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This Summer, readers are once again reminded that Stephen King is one of the most popular authors of our time. If you haven’t seen his new book, Mr. Mercedes, on bookstore shelves, you are either not paying attention or not going to the bookstore. Meanwhile, television viewers are enjoying the second season of Under the Dome, the adaptation of his 2009 novel of the same name.
Head on over to Kirkus Reviews to read Part 2 of The Stephen King Edition of Book-to-TV/Film Adaptations, in which I cover the short fiction adaptations!
For years, I’ve had friends tell me that I should be reading Octavia Butler’s works, especially Kindred. I actually own a copy, and it’s been sitting on my shelves for years, waiting for me to pick it up. When it came to the point where I’d start writing about the 1970s, it was pretty clear that Butler would be one of the authors that I’d be covering, and I picked up the book as part of my research. She’s a powerful author, and I’m a little sad that I didn’t read the book earlier. Researching Butler’s life is fascinating, and it’s becoming clear to me that some of the genre’s most important works emerge from outside of it’s walls.
Go read Octavia E. Butler: Expanding Science Fiction’s Horizons over on Kirkus Reviews.
When I worked at a bookstore (the now defunct Walden Books), I had a co-worker that loved Andre Norton. I’d never read any of her books throughout High School, although I was certainly familiar with her name. I wish now that I did.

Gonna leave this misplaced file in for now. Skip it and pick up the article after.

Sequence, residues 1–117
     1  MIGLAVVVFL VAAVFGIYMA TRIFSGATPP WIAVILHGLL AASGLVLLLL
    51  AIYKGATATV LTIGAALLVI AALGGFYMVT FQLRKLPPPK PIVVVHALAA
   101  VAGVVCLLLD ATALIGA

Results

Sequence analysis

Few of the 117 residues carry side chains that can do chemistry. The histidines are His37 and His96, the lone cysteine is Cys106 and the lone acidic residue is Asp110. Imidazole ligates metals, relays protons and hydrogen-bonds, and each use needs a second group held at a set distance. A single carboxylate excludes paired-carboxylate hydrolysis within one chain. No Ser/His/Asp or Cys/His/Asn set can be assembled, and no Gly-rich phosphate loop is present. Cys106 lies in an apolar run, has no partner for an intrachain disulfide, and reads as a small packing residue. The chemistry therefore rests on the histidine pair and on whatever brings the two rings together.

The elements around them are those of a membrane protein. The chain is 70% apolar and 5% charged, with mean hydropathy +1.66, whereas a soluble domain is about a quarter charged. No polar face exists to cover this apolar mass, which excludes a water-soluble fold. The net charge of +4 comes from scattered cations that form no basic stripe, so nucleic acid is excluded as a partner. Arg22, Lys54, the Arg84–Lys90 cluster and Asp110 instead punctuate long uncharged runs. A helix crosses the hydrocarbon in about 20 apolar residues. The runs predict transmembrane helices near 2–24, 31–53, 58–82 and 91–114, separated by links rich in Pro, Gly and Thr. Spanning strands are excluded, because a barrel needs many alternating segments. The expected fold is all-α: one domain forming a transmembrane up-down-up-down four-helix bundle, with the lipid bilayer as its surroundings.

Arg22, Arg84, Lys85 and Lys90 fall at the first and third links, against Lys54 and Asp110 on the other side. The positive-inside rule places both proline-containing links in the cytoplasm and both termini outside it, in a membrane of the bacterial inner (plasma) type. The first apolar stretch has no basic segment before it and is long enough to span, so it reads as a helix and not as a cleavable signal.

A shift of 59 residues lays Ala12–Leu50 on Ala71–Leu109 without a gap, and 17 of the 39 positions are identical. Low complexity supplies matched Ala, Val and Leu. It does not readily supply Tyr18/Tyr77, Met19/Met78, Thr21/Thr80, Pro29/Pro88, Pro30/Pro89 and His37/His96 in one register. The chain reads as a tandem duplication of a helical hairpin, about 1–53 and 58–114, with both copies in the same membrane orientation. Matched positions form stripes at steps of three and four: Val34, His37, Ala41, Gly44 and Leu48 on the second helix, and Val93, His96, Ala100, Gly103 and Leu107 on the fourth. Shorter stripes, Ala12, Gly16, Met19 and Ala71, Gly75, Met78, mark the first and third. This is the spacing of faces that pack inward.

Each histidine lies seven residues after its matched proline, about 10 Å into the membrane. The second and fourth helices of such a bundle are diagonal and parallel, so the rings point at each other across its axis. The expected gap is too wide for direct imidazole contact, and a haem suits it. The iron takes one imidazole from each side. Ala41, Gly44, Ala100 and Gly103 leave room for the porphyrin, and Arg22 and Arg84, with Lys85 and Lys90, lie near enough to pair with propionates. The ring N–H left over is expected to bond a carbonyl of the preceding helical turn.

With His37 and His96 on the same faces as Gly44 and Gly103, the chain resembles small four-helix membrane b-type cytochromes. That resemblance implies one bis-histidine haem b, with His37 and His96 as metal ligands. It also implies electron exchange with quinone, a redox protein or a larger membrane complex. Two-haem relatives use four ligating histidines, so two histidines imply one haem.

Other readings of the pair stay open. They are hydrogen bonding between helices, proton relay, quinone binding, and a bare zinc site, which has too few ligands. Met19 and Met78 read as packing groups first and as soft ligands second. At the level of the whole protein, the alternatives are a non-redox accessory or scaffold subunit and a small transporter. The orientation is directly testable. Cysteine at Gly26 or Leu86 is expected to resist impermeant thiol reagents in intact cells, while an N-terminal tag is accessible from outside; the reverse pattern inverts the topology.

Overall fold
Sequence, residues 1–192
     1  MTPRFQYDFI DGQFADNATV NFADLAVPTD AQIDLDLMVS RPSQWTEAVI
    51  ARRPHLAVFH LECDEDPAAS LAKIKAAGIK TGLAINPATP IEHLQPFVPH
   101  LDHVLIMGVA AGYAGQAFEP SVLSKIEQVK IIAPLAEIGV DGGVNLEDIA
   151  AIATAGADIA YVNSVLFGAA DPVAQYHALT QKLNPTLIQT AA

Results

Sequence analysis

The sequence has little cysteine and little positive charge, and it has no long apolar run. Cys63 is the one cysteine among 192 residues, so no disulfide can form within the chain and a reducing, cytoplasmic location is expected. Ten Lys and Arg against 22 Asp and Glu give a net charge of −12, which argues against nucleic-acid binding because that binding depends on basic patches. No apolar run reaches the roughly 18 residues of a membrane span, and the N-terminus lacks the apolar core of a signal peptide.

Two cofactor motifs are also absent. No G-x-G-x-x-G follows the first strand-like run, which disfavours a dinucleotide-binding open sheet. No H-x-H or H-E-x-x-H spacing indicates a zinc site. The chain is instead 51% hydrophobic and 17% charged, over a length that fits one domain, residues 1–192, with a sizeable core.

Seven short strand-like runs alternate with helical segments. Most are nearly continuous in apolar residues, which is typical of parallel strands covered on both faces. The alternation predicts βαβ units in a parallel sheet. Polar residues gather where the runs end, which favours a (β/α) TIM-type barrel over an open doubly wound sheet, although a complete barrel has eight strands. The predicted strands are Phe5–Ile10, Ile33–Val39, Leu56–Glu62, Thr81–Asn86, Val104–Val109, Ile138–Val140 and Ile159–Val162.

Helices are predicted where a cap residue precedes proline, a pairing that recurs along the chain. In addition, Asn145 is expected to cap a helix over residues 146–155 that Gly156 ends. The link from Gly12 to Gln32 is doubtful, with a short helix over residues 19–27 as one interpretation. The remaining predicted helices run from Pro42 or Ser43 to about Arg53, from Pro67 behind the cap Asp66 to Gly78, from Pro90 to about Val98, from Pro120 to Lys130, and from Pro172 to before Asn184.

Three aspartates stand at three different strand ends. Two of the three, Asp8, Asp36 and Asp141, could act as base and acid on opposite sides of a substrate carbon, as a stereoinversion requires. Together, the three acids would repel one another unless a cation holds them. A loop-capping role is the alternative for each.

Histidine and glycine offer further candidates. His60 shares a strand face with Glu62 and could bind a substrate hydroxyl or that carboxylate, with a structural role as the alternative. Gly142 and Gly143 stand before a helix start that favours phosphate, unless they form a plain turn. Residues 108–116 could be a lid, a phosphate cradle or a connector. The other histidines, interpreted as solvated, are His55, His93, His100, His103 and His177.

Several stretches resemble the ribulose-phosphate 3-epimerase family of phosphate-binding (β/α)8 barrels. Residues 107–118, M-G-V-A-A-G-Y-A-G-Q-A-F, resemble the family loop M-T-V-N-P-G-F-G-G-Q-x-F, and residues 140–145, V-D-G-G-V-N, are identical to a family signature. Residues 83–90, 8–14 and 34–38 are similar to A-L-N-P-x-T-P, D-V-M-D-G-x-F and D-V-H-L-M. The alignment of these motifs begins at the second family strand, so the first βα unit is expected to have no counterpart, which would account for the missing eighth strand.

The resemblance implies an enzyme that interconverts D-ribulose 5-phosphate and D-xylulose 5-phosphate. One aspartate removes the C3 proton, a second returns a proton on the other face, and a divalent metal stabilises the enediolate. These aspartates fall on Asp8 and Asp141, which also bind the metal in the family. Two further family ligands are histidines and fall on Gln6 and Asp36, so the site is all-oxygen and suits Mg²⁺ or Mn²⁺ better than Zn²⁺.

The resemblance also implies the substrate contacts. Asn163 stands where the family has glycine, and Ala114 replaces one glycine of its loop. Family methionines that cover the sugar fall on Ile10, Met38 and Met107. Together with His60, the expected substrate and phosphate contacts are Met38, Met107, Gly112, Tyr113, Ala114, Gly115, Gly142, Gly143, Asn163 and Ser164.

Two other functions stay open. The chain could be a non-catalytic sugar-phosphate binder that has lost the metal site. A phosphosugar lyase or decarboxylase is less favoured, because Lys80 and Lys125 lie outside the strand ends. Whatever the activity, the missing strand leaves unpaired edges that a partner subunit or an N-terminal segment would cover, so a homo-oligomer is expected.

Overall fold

Norton wrote largely for what we now call the YA audience: teenagers, with fantastical adventures throughout numerous worlds and times. She was also largely ignored or dismissed for writing ‘children’s literature’, which is a shame, because it’s likely that she had as great an influence on the shape of the modern genre as Robert Heinlein, who’s Juvenile novels attracted millions of fans to new worlds. Norton was the same, and influenced countless readers and writers for decades. It’s fitting that the major SF award for YA fiction is titled The Andre Norton Award for Young Adult Science Fiction and Fantasy.
Go read Andre Norton’s YA novels over on the Kirkus Reviews Blog.
Over at Kirkus Reviews this week, I look a second science fiction books that put women in space — this one focusing on military sf
Check out Women in Space (Part 2) over at the Kirkus Reviews blog.
Over at Kirkus Reviews this week, I look at science fiction books that put women in space.
Check out Women in Space over at the Kirkus Reviews blog.
The Science Fiction Hall of Fame anthologies have a curious history, and never would have come about but for the creation of the Science Fiction Writers of America (SFWA) and some of their financial troubles. For those interested in science fiction history, the focus of the books are a nice match: the first three volumes were explicitly put together with the idea of charting the evolution of the genre. While they’re incomplete (two women in the entire book – I’m really sad that there wasn’t a Moore Northwest Smith story in there, or anything by Francis Stevens) by modern standards, it’s pretty much the entire Golden Age of SF in a single book. In and of themselves, they are a historical curiosity, and an interesting read altogether – a lot of the stories still hold up nicely.
Over at Kirkus Reviews this week, I look att he latest science fiction, fantasy and horror book adaptations. Check out the latest Science Fiction, Fantasy and Horror Adaptation Watch!